What will future generations never believe that we tolerated in 2019?

Dolphin and orca captivity, for sure. They'll probably shake their heads at how people died because they couldn't afford healthcare. And, they'll be completely mystified at the amount of food some people waste while others go starving.

According to Biological Diversity, "An estimated 40 percent of the food produced in the United States is wasted every year, costing households, businesses and farms about $218 billion annually."

There are so many things wrong with this.

First of all it's a waste of money for the households who throw out good food. Second, it's a waste of all of the resources that went into growing the food, including the animals who gave their lives for the meal. Third, there's something very wrong with throwing out food when one in eight Americans struggle with hunger.

Supermarkets are just as guilty of this unnecessary waste as consumers. About 10% of all food waste are supermarket products thrown out before they've reached their expiration date.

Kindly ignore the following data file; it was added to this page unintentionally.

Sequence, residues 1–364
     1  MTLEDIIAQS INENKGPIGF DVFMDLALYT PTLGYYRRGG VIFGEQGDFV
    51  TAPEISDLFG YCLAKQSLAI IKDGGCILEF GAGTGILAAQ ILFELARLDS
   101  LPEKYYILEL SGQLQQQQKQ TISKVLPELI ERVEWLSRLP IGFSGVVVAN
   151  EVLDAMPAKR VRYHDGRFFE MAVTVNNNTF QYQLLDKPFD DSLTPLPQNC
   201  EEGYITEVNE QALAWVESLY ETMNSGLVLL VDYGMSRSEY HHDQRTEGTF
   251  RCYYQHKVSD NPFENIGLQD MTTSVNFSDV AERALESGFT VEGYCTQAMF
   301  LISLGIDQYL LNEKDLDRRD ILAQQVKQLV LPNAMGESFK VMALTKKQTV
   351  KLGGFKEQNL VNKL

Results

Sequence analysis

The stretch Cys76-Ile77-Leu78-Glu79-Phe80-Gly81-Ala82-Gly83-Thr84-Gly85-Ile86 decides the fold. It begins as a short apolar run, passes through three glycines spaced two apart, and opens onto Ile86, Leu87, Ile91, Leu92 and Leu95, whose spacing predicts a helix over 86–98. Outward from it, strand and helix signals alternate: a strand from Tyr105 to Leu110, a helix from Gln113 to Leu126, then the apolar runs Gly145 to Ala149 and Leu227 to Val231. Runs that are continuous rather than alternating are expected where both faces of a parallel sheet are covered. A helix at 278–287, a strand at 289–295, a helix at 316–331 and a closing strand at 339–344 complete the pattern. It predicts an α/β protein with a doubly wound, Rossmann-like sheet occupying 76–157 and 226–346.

Three years ago, France took big steps to combat food waste by making a law that bans grocery stores from throwing away edible food.According to the new ordinance, stores can be fined for up to $4,500 for each infraction.

Previously, the French threw out 7.1 million tons of food. Sixty-seven percent of which was tossed by consumers, 15% by restaurants, and 11% by grocery stores.

This has created a network of over 5,000 charities that accept the food from supermarkets and donate them to charity. The law also struck down agreements between supermarkets and manufacturers that prohibited the stores from donating food to charities.

"There was one food manufacturer that was not authorized to donate the sandwiches it made for a particular supermarket brand. But now, we get 30,000 sandwiches a month from them — sandwiches that used to be thrown away," Jacques Bailet, head of the French network of food banks known as Banques Alimentaires, told NPR.

It's expected that similar laws may spread through Europe, but people are a lot less confident at it happening in the United States. The USDA believes that the biggest barrier to such a program would be cost to the charities and or supermarkets.